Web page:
Can you guess the hottest year on record?
Just like Nelly said, “it’s getting hot in here!”
NOAA, the National Oceanic and Atmospheric Administration, came out with a report Wednesday saying 2015 has officially been the hottest year on record since scientists began keeping track of earth’s temperatures in 1880.
The previous record holder was 2014, but 2015’s temperatures roasted the competition by surpassing the previous record by 0.23 degrees Fahrenheit, NOAA announced.
Now, this doesn’t come as much of a surprise to most of the general public. People in the Northern Hemisphere experienced a typical December day that felt more like March or April this past holiday season.
December even broke its own record this year within the US, by being both the warmest and the wettest month-- no other month had held both categories. Bizarre winter floods gushed through Mississippi, putting many out of their homes and shops.
And even though 2016 is expected to surpass last year as the hottest year to date, the North East just endured one of it’s biggest snowstorms in history this past week.
So what the heck is going on??
Well one of the biggest culprits is a little guy named El Niño.
El Niño is a weather pattern that warms tropical waters in the Pacific, which pumps excess heat into the atmosphere that collide with cold fronts, causing disruptive weather around the world. Years that El Niño occurs, tend to be warmer than neutral years, called La Niñas.
There is no denying that El Niño was a huge factor in the wacky temperatures the Earth was experiencing but we can’t blame him for all our troubles. Climate change causes El Niño to be bigger and badder each time.
NASA reported that this odd weather was “largely driven by increased carbon dioxide and other human-made emissions into the atmosphere.” This idea was supported by the fact that recent La Niña years have been hotter than previous strong El Niños.
NASA Administrator Charles Bolden said in a statement, “Climate change is the challenge of our generation, and NASA's vital work on this important issue affects every person on Earth. Today's announcement not only underscores how critical NASA's Earth observation program is, it is a key data point that should make policy makers stand up and take notice -- now is the time to act on climate.”
This report comes right on the heels of the Paris climate talks, where representatives from 195 countries agreed to confront climate change by limiting carbon emissions.
So, while El Niño, a periodic occurrence, did impact the atmosphere’s temperature in 2015, Gavin Schmidt, director of the Goddard Institute for Space Studies (GISS) at NASA reasoned that it was the "cumulative effects" of a long-term atmospheric trend that is driven by human emissions of greenhouse gases.
For more evidence that something serious is happening, here are some weather examples from the past year.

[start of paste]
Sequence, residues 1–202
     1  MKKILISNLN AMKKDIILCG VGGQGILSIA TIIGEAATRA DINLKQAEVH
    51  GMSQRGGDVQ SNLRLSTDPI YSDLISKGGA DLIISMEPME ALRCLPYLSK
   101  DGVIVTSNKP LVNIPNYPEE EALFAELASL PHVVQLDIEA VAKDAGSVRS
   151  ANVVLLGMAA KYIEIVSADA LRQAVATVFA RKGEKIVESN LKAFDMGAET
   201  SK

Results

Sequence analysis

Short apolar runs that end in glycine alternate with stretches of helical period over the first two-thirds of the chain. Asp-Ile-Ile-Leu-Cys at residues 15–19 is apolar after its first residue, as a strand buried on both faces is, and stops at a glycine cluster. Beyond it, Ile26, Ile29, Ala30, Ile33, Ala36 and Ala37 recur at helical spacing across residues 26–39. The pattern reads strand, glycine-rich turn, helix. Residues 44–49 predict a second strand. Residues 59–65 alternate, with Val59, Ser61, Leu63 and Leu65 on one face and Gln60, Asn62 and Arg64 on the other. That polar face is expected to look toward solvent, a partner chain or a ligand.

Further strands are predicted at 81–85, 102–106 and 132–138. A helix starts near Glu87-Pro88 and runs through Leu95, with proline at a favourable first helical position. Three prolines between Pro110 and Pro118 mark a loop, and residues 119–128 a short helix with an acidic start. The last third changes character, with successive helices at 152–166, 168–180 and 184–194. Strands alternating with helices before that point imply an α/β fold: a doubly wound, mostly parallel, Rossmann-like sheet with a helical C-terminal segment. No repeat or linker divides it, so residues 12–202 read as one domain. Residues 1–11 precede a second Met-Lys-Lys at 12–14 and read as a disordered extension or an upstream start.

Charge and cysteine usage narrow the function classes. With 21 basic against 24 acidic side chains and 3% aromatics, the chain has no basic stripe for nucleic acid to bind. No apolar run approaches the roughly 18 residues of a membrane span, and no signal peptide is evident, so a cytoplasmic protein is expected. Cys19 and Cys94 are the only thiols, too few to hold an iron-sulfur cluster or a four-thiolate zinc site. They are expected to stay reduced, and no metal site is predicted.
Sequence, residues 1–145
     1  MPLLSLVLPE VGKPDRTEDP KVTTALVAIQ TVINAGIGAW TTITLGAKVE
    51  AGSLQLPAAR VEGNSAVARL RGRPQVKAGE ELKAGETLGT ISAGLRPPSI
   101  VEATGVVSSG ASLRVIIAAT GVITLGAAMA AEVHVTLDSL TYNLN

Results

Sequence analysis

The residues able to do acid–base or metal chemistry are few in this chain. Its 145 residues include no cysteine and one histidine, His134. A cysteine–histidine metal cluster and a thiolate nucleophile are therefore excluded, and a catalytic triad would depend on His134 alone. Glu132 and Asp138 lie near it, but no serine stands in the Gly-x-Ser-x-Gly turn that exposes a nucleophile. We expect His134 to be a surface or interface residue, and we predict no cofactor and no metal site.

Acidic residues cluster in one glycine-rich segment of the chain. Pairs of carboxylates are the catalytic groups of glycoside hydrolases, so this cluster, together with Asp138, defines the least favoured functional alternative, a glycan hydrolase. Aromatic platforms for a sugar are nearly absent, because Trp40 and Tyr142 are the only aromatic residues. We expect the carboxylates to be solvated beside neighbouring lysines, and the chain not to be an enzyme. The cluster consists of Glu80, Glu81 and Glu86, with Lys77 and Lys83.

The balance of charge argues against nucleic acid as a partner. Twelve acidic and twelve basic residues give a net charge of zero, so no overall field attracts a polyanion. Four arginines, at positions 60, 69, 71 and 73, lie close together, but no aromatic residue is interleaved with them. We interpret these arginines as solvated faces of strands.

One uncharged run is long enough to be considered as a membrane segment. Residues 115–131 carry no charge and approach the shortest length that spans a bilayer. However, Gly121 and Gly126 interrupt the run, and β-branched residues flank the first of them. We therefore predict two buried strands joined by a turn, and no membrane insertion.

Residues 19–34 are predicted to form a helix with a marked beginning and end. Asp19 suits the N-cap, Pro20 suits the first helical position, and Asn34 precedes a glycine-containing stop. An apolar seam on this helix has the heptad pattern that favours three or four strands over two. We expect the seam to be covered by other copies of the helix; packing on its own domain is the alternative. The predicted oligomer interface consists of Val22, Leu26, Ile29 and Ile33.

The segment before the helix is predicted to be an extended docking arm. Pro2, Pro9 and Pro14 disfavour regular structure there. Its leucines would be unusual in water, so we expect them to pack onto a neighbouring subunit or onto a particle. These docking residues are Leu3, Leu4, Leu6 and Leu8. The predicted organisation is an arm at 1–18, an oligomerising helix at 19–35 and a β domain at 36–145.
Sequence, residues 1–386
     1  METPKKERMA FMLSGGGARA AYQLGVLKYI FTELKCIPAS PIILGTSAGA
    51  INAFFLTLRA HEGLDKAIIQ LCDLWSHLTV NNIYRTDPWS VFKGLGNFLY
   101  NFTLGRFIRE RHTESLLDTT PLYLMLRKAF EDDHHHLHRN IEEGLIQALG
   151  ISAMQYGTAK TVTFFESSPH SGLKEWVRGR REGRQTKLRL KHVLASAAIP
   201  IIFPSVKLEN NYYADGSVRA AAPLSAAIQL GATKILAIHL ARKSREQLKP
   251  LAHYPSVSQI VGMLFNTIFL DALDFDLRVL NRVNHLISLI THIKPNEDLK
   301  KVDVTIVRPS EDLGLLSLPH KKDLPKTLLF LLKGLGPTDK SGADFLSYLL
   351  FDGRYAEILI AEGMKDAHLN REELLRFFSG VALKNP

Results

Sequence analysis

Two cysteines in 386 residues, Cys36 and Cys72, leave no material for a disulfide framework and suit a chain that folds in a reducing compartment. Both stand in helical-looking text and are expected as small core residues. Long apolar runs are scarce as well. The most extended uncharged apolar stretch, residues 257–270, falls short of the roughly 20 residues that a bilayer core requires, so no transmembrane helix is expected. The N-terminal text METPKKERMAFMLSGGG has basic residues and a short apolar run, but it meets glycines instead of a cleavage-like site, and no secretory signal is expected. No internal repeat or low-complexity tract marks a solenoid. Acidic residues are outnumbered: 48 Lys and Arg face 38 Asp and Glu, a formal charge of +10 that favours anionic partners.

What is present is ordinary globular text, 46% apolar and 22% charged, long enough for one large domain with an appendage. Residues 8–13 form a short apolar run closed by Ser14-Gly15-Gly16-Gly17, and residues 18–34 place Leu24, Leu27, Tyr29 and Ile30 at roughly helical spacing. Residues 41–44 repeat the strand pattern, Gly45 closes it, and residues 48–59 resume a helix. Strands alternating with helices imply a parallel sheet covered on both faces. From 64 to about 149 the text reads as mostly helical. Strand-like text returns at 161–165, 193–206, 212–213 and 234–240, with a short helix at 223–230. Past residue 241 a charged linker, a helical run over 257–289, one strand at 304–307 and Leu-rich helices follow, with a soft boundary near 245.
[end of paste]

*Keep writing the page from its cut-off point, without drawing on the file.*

The worst earthquake since 1934, struck Nepal this past April. The 7.8 magnitude quake and the following tremors in May, claimed more than 8,500 lives and left 2 million people homeless.
In India, they experienced an unbearable heatwave in the spring that killed an estimated 2,500 people.
The circulation of atmosphere, disturbed by El Niño has caused a drought in Africa, threatening the food supply of millions. Droughts in Angola, Botswana, Malawi, Namibia, South Africa, and Zimbabwe this past year has left thousands with no means of income or sustenance.
Long term climate changes not only have an immediate effect causing casualties and displacement, but they also have an enormous influence on employment opportunities, economic sustainability, and food security.
And taking an even broader look:
In 2014, changes in climate due to human activity played a role in 14 of 28 storms, droughts, and other extreme weather occurrences.
Southeast Asia was rocked by a 9.0 earthquake in 2014, followed by a massive tsunami that killed 280,000 people across 14 nations.
For three long months, in 2013, Australia experienced over 100 massive wildfires with “unprecedented levels of size and severity."
But don’t give up on our little planet yet. Amidst all this destruction and chaos, it is important to realize:
Just as climate change has been caused by humans, it can be stopped by humans.
But you may ask, “I’m only one person. How am I supposed to stop climate change and all its consequences?”
It is the job of a global citizen to hold world leaders to their promises. During the Paris climate talks, world leaders even credited “civil society” for keeping the pressure on them.
Climate change affects earth and all of its systems. It affects everyone and everything.
It may be a hefty challenge, but calling for environmental action is crucial and the first step for creating a clean and sustainable world.